Medicare reform or bust
WASHINGTON The political lore of the 1964 presidential campaign has a reporter asking an elderly woman why she was supporting Lyndon Johnson over Barry Goldwater. Goldwater, she answered, wants to abolish TV.
Actually, the reporter corrected, Goldwater wants to abolish the TVA.
To which the woman responded: “Well, I’m not taking any chances.”
The voters of New York’s 26th Congressional District last week were not taking any chances. Republicans have no more proposed the abolition of Medicare than they have proposed the abolition of medicine. But this setback for the GOP’s Medicare reform campaign illustrates the difficulties ahead.
Conservatives should understand that much of the opposition to Medicare reform is conservative, at least in form. It is rooted in a fear of change and a resentment of meddling officials. A general distrust of politics extends to a distrust of politicians engaged in confusing reforms. In a choice between the status quo and major change, a center-right country generally will choose the status quo.
So all Republican arguments in favor of Medicare reform ultimately depend on the success of one argument: that the status quo is not an option. This contention has the virtue of being correct. About 80 million baby boomers are now entering a system designed for a time when people died earlier, unattended by expensive technologies. Demographic shifts and rising per capita costs require health entitlements to change or collapse. And President Obama has complicated the problem by adding another health entitlement, partially funded by resources taken from Medicare.
Medicare as we know it will be insolvent in a decade. Politicians who propose no solution are allowing the system to collapse for their temporary political benefit. Taxes sufficient to prop up the status quo would take a crippling portion of the economy, leaving individuals, families and businesses with dramatically fewer resources to address their own needs.
Some Democrats advocate strict price controls within the current Medicare structure, overseen by a board of 15 bureaucrats. But cost-cutting by bureaucratic fiat usually doesn’t work. When it does, the result is rationing.
Republicans propose government premium supports to fund the individual purchase of health insurance. This would increase out-of-pocket costs for most in the middle class—making them more conscious of their health expenditures—while preventing a Medicare crash.
None of these answers is particularly appealing. A free lunch would be preferable. It isn’t available.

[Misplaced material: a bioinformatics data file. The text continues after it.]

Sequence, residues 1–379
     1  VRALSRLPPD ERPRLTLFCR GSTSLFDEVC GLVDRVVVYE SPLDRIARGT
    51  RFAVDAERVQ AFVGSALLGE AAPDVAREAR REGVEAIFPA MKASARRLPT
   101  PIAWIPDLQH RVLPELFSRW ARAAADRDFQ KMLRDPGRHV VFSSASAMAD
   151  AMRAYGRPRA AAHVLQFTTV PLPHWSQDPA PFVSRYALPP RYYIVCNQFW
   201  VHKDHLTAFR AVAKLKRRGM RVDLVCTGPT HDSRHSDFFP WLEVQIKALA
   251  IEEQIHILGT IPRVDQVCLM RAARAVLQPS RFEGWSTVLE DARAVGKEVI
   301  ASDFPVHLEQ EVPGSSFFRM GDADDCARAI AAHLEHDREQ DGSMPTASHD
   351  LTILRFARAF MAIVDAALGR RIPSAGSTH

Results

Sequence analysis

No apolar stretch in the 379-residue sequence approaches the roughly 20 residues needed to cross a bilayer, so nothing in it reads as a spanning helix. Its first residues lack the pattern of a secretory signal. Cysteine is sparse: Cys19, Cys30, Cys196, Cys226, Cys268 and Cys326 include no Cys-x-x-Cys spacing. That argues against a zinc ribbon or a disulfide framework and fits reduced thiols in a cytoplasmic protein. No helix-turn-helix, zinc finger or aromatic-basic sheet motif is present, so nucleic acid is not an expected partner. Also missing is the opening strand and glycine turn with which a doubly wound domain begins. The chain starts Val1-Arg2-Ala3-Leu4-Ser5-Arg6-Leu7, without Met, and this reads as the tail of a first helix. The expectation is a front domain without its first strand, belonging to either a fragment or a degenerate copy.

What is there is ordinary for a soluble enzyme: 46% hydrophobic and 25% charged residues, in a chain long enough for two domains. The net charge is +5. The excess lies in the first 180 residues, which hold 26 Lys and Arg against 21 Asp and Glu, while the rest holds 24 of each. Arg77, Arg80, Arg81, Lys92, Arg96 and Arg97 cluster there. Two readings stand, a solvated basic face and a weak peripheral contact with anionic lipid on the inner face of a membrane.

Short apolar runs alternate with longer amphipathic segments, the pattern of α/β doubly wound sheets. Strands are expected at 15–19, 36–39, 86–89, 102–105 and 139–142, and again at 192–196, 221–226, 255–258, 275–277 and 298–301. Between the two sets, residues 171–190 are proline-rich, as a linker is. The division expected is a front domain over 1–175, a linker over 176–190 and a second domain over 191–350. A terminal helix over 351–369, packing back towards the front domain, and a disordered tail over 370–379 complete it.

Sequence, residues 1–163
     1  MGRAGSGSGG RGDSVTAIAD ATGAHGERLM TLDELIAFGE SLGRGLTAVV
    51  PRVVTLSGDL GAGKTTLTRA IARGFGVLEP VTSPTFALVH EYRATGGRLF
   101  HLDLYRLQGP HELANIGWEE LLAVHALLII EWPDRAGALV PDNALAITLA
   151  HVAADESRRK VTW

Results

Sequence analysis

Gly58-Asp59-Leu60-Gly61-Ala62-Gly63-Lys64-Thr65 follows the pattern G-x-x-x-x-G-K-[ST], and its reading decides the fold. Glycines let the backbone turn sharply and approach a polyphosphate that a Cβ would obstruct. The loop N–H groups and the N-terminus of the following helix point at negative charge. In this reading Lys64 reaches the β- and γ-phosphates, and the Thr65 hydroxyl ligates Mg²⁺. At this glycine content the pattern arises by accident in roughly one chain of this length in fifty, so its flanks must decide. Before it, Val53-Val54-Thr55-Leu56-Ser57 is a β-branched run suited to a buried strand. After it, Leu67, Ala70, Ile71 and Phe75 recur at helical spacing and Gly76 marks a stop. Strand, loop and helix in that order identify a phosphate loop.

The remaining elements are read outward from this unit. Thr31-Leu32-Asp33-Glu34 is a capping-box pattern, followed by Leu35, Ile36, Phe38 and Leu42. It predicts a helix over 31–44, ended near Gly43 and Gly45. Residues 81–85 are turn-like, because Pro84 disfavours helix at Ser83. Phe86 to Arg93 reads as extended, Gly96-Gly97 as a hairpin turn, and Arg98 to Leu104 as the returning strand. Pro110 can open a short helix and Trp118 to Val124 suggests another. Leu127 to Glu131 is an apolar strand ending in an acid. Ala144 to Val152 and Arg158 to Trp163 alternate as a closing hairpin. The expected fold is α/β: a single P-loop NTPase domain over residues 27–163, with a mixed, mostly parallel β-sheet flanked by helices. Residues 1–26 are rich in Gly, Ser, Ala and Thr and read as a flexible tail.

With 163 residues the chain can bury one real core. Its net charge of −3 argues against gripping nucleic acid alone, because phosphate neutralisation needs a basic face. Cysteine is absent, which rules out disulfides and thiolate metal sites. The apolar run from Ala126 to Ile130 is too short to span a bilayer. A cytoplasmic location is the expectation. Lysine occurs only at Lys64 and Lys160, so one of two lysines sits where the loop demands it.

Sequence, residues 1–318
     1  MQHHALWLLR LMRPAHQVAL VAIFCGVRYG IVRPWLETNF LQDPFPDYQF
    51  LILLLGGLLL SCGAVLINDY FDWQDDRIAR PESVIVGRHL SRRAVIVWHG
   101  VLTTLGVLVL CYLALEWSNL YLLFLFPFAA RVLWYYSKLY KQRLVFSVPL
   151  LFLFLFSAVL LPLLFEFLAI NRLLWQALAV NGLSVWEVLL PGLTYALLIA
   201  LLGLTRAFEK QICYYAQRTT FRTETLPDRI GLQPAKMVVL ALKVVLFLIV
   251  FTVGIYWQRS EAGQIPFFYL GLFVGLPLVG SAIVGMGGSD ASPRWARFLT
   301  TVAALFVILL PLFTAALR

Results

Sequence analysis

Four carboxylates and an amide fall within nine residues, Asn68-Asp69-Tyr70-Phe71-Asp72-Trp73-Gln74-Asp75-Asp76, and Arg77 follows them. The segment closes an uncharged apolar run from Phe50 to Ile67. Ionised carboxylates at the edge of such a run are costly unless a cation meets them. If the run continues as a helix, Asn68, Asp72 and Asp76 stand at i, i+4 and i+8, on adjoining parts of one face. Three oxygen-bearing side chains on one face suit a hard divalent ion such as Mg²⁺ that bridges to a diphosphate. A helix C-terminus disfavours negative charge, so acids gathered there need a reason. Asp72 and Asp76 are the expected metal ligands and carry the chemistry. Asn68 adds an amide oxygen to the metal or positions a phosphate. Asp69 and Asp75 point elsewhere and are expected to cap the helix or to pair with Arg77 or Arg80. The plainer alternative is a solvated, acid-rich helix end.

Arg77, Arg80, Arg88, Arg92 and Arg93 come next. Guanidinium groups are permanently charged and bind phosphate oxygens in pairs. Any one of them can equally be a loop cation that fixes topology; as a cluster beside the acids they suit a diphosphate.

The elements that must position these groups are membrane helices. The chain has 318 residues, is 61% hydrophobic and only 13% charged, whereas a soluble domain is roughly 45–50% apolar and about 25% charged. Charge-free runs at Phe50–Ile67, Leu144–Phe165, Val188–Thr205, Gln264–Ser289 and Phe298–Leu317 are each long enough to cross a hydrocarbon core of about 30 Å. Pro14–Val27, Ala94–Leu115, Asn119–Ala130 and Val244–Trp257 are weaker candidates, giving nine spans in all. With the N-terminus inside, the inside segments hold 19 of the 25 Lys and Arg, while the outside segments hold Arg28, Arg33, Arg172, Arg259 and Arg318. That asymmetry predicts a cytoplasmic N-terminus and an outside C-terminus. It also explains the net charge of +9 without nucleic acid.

As Republicans make this unappetizing case, they will need to keep a few things in mind.
First, Rep. Paul Ryan’s Medicare reform plan is admirable, even courageous, but not the final word. The subsidies he proposes may well be too small to be a realistic alternative to the current system. Republican presidential candidates will need some leeway to make their own recommendations. This is not heresy; it is strategy.
The problem with Newt Gingrich’s initial criticism of the Ryan plan was Gingrich’s hyperbolic tone. Triangulation is different from trash talk.
Tim Pawlenty did it better: “I think in general the direction of (the Ryan proposal) is positive, but I’m going to have my own plan.”
Second, Republicans will need to couple their Medicare message with an emphasis on economic opportunity. No matter how well the need for austerity is explained, the audience for austerity is limited. Genuine foot-stomping, hat-throwing enthusiasm for entitlement reform is mainly confined to half-filled conference rooms addressed by former Sen. Warren Rudman of the Concord Coalition. The most fetching Republican promise is a growing economy that rewards work and enterprise, including for those lower on the economic scale.
Third, the GOP will need to assemble an unusual political alliance in favor of entitlement reform. Unconstrained entitlement spending is a threat not only to the economy but to every other category of spending by the federal government. As the percentage of the budget consumed by mandatory programs rises above 50 percent—and a larger portion of the budget goes to service interest on the national debt—only scraps will remain for other priorities.
Want federal spending on food stamps? Or on national defense? Or on foreign assistance or education or highways? In the absence of entitlement reform, every discretionary program will be engaged in a death match to secure dwindling resources.
An entitlement reform coalition should include anyone who wants federal spending on anything other than entitlements. To construct this coalition, Republicans must appeal to groups beyond the conservative comfort zone.
The Republican push for entitlement reform will be creative, flexible and persistent—or it will fail.
Michael Gerson is a columnist for the Washington Post Writers Group; email firstname.lastname@example.org.